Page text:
Restore Our Roads: City leaders say planning, partnerships key to strong infrastructure

single-meta-cal April 13, 2021

Note: This article appears in the April 2021 issue of Initiatives magazine, a publication of the Huntsville/Madison County Chamber.

If the adage is true that “development follows roads,” then Huntsville’s growth shouldn’t be a surprise to anyone. The City’s major arteries, collectors and multi-lane surface streets make it easier to move both products and people, which are attractive qualities to potential businesses and industries.

An aerial view of Research Park Boulevard in Huntsville near where it connects to University Drive

When completed, the widened State Route 255 (Research Park Boulevard) will be a key part of the City’s northern bypass.

The cost to build and maintain roads isn’t cheap, and the process can often take several years from conception to fruition. That aside, Mayor Tommy Battle and the City Council believe the return on investment outweighs the cost and temporary irritation.

Roads and infrastructure have been a major cornerstone of Mayor Battle’s administration because he doesn’t want the City’s galactic growth to result in rush-hour gridlock. He has long strived to ensure 15-minute commutes for citizens, no matter where in the City they reside.

“Right now, our transportation grid is our No. 1 priority,” he said. “We have to grow our infrastructure and road system; it’s part of our big master plan.”

A quality of life issue

It’s easy to think of roads as nothing more than overpriced asphalt with a dividing line. Citizens tend to notice them more when they are in disrepair or if work impacts their commute.

Huntsville’s transportation grid has played a major role in the City’s continued success in attracting large industries like Mazda Toyota Manufacturing (MTM), Polaris, Facebook and GE Aviation, to name a few. Those companies brought thousands of jobs to the Rocket City, but they are nothing but empty buildings if employees can’t get there.

Mayor Tommy Battle and Economic Development Director Shane Davis stand on a section of unfinished Greenbrier Boulevard, looking to the west

City Director of Urban and Economic Development Shane Davis, left, and Mayor Tommy Battle, right, survey progress on Greenbrier Parkway in Huntsville-annexed Limestone County.

In the case of MTM, the City’s promise to improve three roads helped seal the deal. The largest of those projects is the four-lane Greenbrier Parkway, a $77.3 million four-lane highway that should open later this year. It spans from Interstate 565 to the south to Huntsville-Browns Ferry Road to the north, near the intersection of Interstate 65.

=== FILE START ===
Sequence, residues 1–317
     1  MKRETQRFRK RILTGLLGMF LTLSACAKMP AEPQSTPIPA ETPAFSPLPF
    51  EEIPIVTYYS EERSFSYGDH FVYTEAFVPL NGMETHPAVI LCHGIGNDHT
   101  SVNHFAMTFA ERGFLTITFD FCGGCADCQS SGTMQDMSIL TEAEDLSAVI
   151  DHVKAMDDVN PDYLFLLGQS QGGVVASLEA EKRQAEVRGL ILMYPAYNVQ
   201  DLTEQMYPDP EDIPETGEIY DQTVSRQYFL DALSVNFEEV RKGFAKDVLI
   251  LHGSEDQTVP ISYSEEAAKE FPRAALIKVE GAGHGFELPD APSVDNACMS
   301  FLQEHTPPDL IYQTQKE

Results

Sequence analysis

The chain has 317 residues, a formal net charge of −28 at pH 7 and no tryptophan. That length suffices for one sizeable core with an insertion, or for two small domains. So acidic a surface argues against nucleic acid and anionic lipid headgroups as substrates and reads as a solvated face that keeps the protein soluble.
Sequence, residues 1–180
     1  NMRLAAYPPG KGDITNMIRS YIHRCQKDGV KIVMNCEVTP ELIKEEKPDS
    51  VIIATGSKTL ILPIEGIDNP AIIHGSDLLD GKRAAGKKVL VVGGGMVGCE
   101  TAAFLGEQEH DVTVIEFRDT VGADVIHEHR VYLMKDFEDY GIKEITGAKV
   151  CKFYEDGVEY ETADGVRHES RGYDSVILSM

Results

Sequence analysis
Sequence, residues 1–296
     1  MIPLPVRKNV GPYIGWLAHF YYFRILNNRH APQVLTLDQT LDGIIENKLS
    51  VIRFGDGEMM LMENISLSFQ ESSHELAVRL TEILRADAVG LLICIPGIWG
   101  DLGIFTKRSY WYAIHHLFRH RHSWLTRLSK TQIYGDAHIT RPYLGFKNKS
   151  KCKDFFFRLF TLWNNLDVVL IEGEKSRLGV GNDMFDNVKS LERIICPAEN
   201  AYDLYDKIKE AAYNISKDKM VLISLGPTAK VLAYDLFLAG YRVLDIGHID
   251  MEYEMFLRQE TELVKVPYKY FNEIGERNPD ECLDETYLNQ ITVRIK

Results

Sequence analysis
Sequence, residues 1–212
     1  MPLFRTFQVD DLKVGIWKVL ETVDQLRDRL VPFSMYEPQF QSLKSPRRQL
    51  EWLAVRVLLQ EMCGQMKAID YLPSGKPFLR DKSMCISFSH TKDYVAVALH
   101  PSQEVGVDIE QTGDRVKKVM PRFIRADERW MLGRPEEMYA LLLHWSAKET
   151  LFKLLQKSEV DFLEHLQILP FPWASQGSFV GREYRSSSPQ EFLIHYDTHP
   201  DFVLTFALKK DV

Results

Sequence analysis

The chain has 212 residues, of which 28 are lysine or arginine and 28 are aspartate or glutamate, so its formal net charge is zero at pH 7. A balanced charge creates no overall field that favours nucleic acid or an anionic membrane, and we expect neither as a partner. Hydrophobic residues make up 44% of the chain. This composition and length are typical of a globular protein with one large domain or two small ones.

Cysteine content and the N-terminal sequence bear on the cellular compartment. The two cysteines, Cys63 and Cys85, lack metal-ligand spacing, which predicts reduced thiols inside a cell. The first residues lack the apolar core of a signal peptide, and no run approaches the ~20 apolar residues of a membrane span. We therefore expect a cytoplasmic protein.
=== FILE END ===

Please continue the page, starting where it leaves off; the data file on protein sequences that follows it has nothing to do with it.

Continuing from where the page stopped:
“They have to get 6,400 people to work and back home, which is more than 12,000 trips per day,” Battle said of the Mazda Toyota plant. “We needed to get workers in and get them back to their cars and homes quickly. That’s part of quality of life. Any time you can spend with your family or doing recreational activities, that’s what it’s all about.”

Restore Our Roads history

Battle, who began his fourth mayoral term in 2020, has seen ambitious road projects come to fruition, thanks to both a progressive City Council and federal and state funding. When the Alabama Transportation Rehabilitation Improvement Program (ATRIP) kicked off in 2012, the Huntsville-Madison County area received the lion’s share of the funding.

In 2014, Huntsville debuted Restore Our Roads, a partnership with the Alabama Department of Transportation (ALDOT). The $250 million cost-sharing initiative focused on projects the Metropolitan Planning Organization (MPO) identified as priorities.

Restore Our Roads launched during a time when projects in other parts of the state were being canceled over a lack of funding. City Director of Engineering Kathy Martin said some citizens questioned why Huntsville would spend its own money to improve state and federal roads, but explained the City needed to be a part of the solution instead.

“Without that agreement, I don’t know that we would be reaping the benefits we are today. It was a bold move by our leadership, but it worked.” – Kathy Martin

Curtis Vincent, region engineer for ALDOT, explained the joint funding agreement is a win-win for the state. He said Huntsville’s own investment has helped land road dollars that might have gone elsewhere.

Huntsville Mayor Tommy Battle and Director of Engineering Kathy Martin stand on the shoulder of Cecil Ashburn Drive with a City vehicle in the background

Mayor Tommy Battle, left, and City Director of Engineering Kathy Martin, right, tour Cecil Ashburn Drive, which was part of Huntsville’s ambitious Restore Our Roads initiative. All four lanes reopened to traffic in August 2020.

“Transportation funding is limited, and in a state facing an ever-growing backlog of capacity needs, projects must be prioritized,” he said. “For ALDOT, projects with that ‘bang-for-your-buck’ factor are certainly more attractive. This agreement presented an opportunity to double the return on state dollars in transportation improvements.”

Project updates

Today, three major projects are now in the rearview mirror:

  • Improvements to U.S. 72 East at Moores Mill and Shields roads;
  • Improvements on South Memorial Parkway from Martin Road to Lily Flagg Road to include three new overpasses; and
  • The widening and resurfacing of Cecil Ashburn Drive, though a few punch-list items remain

In-progress projects include:

Widening University Drive from Providence Main to County Line Road